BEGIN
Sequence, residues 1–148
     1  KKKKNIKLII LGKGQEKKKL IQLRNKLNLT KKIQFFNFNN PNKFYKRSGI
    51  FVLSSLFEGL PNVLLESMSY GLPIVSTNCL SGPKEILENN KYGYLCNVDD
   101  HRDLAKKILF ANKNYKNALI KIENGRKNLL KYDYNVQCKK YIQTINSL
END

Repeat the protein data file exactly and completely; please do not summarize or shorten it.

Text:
Sequence, residues 1–148
     1  KKKKNIKLII LGKGQEKKKL IQLRNKLNLT KKIQFFNFNN PNKFYKRSGI
    51  FVLSSLFEGL PNVLLESMSY GLPIVSTNCL SGPKEILENN KYGYLCNVDD
   101  HRDLAKKILF ANKNYKNALI KIENGRKNLL KYDYNVQCKK YIQTINSL